Rome. Its name still evokes conquest, power, and empire over 1500 years after its final downfall. Yet the tiny province of Judea fought the mighty empire for more than three years. The Roman legions may have been unstoppable, but the stubborn Jews refused to give up. There were some exceptions; Yosef ben Mattityahu, better known by his Roman name Josephus, was the most famous.
Yosef was a Cohen who had worked in the Temple in Jerusalem. In his youth he lived with the ascetic Essene sect in the desert for three years. Later he traveled to Rome and pursued a classical education. On his return to Judea, at the start of the Great Revolt in 66 CE, he was appointed military commander of the Galil.
We have few details about his life, beyond what he chose to share in his autobiography. And for political reasons, his autobiography may not have been dedicated to the true facts of his life. What we do know is that as commander of the Galil, Yosef went to Yodfat, called Jotapata by the Romans, to command its defense against the advancing legions.
The city of Yodfat stands on a hilltop about 25 kilometers west of the Kinneret (Sea of Galilee). With cliffs on the east side and very steep drops on two other sides, it is accessible only from the north. And even from the north, the climb is steep. Most of the people in my class, including me, were out of breath from climbing part way up the hill to a stopping place. We sat on rocks overlooking the parking lot where our tour bus was parked far below. That valley was where the Romans, under the command of Vespasian, had camped during the brief siege. They didn’t have to put up a tight perimeter wall as they did in other places; geography itself prevented defenders from leaving for supplies.
The path to the top was neither as long nor as winding as the famous Snake Path to the top of Masada. The ledge where we stopped to learn about the battle
looked to the north, towards what would have been the camp of the Roman 15th Legion. About a third of the way up the slope, two rows of long spears and shields stand as if held there by invisible Roman soldiers. Next to where we sat stood a replica of a Roman battering ram. The replica weapons were placed here to give visitors a hint of what the enemy might have looked like to defenders.
After conquering the hill, the Romans had destroyed what was up there, and left. The only evidence that remained were traces of foundations, a few mikves, and some cisterns. No one ever built there again. It was not of sufficient strategic value. But this is where Yosef ben Matityahu, and a band of fighters made a stand in 67 CE during the Great Revolt against the Romans.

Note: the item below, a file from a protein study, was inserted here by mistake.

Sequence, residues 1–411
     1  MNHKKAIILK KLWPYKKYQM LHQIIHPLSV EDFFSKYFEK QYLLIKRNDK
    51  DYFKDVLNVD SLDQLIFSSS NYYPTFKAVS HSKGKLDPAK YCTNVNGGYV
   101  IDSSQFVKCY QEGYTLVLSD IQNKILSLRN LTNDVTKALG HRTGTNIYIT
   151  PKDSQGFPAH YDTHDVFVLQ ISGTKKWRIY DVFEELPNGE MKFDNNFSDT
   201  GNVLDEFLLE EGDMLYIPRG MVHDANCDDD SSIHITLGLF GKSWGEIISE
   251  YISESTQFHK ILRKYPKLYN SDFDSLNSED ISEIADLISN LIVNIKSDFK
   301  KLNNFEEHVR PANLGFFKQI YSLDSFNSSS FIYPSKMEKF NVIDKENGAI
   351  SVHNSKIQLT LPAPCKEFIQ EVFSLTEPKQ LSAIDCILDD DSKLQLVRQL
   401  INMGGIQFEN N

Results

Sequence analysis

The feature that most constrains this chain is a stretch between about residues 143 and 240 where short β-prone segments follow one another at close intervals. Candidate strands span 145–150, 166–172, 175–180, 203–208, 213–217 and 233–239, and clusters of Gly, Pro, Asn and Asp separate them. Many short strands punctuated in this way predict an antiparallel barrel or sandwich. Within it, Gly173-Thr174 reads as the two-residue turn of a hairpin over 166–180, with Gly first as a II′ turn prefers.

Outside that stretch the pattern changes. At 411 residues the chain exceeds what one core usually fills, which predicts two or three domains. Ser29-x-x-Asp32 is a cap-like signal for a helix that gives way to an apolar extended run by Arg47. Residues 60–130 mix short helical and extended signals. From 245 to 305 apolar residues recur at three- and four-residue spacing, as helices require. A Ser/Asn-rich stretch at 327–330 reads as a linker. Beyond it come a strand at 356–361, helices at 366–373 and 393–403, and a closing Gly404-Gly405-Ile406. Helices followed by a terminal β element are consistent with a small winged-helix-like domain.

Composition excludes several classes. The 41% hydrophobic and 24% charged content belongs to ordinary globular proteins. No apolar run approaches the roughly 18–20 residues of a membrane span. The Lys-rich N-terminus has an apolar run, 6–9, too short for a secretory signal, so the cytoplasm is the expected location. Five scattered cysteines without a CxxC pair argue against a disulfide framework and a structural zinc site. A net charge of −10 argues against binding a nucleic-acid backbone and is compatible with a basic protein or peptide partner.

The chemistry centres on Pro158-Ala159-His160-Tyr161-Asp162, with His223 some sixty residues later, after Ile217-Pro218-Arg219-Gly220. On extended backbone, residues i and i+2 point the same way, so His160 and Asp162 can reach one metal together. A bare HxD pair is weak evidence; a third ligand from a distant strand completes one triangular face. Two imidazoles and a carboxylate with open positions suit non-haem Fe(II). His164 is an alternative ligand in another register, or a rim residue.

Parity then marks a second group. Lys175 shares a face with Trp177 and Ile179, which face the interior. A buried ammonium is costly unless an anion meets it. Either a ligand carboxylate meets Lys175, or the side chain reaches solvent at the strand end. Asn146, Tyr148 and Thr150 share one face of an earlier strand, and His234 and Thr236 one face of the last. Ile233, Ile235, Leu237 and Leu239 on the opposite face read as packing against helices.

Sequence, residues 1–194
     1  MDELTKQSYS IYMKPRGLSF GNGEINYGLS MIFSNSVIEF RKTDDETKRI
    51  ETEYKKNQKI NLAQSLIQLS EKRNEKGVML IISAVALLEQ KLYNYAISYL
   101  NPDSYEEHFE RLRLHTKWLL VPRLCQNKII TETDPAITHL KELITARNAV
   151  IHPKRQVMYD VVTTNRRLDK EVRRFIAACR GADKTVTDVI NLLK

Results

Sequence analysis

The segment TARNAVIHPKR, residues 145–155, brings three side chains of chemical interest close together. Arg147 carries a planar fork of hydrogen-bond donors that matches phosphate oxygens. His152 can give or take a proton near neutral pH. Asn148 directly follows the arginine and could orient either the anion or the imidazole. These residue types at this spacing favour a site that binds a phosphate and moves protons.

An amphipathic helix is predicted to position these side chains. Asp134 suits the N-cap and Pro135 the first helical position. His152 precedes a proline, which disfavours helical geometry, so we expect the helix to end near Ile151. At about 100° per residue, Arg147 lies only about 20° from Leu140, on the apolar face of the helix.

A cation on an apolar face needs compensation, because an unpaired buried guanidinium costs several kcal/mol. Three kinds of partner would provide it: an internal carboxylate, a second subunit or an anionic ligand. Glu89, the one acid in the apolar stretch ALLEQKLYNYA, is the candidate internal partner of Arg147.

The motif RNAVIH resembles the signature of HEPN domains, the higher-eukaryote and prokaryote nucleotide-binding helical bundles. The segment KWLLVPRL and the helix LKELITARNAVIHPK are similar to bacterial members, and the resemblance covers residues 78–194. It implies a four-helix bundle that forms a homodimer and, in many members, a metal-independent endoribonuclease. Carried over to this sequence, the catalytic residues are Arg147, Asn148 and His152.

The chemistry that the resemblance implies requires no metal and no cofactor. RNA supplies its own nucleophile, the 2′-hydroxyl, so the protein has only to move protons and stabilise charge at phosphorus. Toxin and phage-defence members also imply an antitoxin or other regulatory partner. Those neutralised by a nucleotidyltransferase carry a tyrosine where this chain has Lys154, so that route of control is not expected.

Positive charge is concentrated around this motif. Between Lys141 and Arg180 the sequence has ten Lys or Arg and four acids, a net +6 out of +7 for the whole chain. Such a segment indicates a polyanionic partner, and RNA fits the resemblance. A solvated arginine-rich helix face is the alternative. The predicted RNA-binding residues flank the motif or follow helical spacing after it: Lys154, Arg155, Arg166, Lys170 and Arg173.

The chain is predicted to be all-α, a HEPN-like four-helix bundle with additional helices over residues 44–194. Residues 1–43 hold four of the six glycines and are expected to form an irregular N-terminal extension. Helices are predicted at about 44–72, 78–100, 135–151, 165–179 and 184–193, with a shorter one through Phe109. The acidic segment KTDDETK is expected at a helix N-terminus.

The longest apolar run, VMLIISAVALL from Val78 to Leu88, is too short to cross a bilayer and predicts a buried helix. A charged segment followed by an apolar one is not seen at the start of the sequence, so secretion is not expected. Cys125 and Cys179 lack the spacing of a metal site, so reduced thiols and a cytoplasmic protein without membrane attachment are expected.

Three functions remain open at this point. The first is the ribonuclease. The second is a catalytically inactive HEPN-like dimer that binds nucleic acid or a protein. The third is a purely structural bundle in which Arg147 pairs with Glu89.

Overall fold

At the beginning of the revolt, Yodfat was one of the towns that was fortified with a surrounding wall. Undeterred by the height of the hill or the city walls at its top, the Romans built a ramp to the top. Their archers and spearmen were able to shoot over the wall. A battering ram damaged the walls themselves.
The siege went on for 47 days. It was summer and although they had sufficient food, the town ran out of water. When Yosef instituted water rationing to preserve what little they had, the people complained that knowing they had so little each day made their thirst even worse. And then the Romans broke through the wall. Titus, Vespasian’s son and one of the commanding officers, led the legionnaires into the city, where they killed all the men and captured 1200 women and children. The Romans then razed the city, and burned what was left.
Forty of the fighters survived the initial Roman onslaught and retreated to one of the caves that dot the sides of the hill. Yosef proposed that rather than allow themselves to be killed by the Romans, or be captured and taken into slavery, they should take their own lives. They would choose, by lottery, men who would be responsible for killing others. In the end, two would be left. One would kill the other and then kill himself. Maybe Divine Providence helped Yosef that day, maybe it was sheer good luck, or maybe he had somehow rigged the lottery. Whatever it was, Yosef was one of those last two men.